I’ve made a handy one-page printable pdf file of six Algebraic Linesweeper puzzles, with the rules. The result, at first glance seems impossible. To convince you it is, and check that you’ve understood, here’re two tiny practice puzzles:
The “Elementary” puzzle illustrates the point I was making about Eulerian circuits above: you can view the puzzle as a more discrete version of the following diagram inspired by the Bridges of Königsberg.
Here’s the six actual puzzles from the above pdf in an approximate order of difficulty. Obviously, the choice of letters is slightly arbitrary, so I thought I would choose them based on some theme. If I can spell out words, like below, then it gives a convenient title to identify each puzzle:

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Blitz Krieger

I thought the following story would make a good question to add flavour to some first-year undergraduate Number Theory courses. It’s relevant, interesting, well-documented, and shows how a certain amount of scientific literacy can be extremely useful when evaluating bogus claims. Here’s an extract from a 1938 TIME Magazine article (££)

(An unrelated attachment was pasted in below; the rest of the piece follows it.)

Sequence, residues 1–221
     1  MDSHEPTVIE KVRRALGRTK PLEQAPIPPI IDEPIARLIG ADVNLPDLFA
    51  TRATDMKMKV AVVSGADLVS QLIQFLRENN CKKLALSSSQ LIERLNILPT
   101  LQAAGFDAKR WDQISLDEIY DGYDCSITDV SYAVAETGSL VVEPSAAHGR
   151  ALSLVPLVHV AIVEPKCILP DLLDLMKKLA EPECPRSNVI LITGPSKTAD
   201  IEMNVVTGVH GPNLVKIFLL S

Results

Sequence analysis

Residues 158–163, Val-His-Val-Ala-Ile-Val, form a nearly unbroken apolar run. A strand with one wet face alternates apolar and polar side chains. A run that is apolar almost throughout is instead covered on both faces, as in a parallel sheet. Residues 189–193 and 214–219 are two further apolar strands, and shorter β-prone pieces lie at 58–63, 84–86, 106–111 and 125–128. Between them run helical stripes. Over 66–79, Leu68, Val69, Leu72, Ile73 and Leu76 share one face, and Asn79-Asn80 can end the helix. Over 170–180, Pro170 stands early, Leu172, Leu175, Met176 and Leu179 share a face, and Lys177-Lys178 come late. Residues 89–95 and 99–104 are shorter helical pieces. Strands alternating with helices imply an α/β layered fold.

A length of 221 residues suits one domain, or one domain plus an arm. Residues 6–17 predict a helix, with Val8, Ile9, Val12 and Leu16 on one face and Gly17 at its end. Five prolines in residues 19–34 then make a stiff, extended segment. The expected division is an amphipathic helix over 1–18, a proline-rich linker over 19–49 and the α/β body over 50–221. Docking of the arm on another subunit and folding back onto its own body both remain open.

In 1937 A.D., a German-Jewish mathematician named Samuel Isaac Krieger, who was taking a mineral bath near Buffalo, N. Y., suddenly leaped out, rushed naked into the adjoining room, began to scribble figures. He thought he had discovered something too: a solution to the equation given in Fermat’s last theorem.

Krieger claimed to have found some integer n > 2 such that the equation 1324^n + 731^n =1961^n held, but refused to reveal the value of n.  A journalist quickly proved this to be false. Can you see how?

Obviously, Andrew Wiles only proved Fermat’s Last Theorem (that there are no integers a,b,c > 0 such that a^n + b^n = c^n for n > 2) to be true in full generality after 1994, so he couldn’t use that. While it was known at the time that the theorem was true for exponents including n=3,4,5,7, the journalist only used elementary mathematics and did not need to use any specific knowledge about the theorem.

Solution after the break. Also, how not to solve FLT, and more on Krieger.